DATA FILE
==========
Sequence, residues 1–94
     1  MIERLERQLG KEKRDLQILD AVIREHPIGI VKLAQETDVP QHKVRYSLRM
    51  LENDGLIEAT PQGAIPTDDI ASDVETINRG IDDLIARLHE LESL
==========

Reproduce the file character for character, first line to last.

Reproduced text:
Sequence, residues 1–94
     1  MIERLERQLG KEKRDLQILD AVIREHPIGI VKLAQETDVP QHKVRYSLRM
    51  LENDGLIEAT PQGAIPTDDI ASDVETINRG IDDLIARLHE LESL